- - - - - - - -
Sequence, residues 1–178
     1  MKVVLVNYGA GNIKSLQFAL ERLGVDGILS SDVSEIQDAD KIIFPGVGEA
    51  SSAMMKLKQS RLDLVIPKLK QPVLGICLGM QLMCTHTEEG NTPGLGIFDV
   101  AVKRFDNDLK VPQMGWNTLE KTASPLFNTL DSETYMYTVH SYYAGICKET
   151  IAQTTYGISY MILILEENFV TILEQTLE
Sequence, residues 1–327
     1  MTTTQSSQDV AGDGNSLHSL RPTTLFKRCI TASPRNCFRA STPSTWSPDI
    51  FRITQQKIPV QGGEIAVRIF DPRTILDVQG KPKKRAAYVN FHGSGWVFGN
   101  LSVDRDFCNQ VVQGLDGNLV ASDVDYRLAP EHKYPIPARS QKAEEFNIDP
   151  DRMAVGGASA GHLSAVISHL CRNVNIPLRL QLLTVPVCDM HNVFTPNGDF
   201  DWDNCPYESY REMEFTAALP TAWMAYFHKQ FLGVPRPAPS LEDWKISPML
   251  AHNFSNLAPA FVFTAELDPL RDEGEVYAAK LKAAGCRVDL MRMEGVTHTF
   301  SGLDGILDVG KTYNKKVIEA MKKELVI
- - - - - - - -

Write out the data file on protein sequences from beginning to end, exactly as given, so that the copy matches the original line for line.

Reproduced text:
Sequence, residues 1–178
     1  MKVVLVNYGA GNIKSLQFAL ERLGVDGILS SDVSEIQDAD KIIFPGVGEA
    51  SSAMMKLKQS RLDLVIPKLK QPVLGICLGM QLMCTHTEEG NTPGLGIFDV
   101  AVKRFDNDLK VPQMGWNTLE KTASPLFNTL DSETYMYTVH SYYAGICKET
   151  IAQTTYGISY MILILEENFV TILEQTLE
Sequence, residues 1–327
     1  MTTTQSSQDV AGDGNSLHSL RPTTLFKRCI TASPRNCFRA STPSTWSPDI
    51  FRITQQKIPV QGGEIAVRIF DPRTILDVQG KPKKRAAYVN FHGSGWVFGN
   101  LSVDRDFCNQ VVQGLDGNLV ASDVDYRLAP EHKYPIPARS QKAEEFNIDP
   151  DRMAVGGASA GHLSAVISHL CRNVNIPLRL QLLTVPVCDM HNVFTPNGDF
   201  DWDNCPYESY REMEFTAALP TAWMAYFHKQ FLGVPRPAPS LEDWKISPML
   251  AHNFSNLAPA FVFTAELDPL RDEGEVYAAK LKAAGCRVDL MRMEGVTHTF
   301  SGLDGILDVG KTYNKKVIEA MKKELVI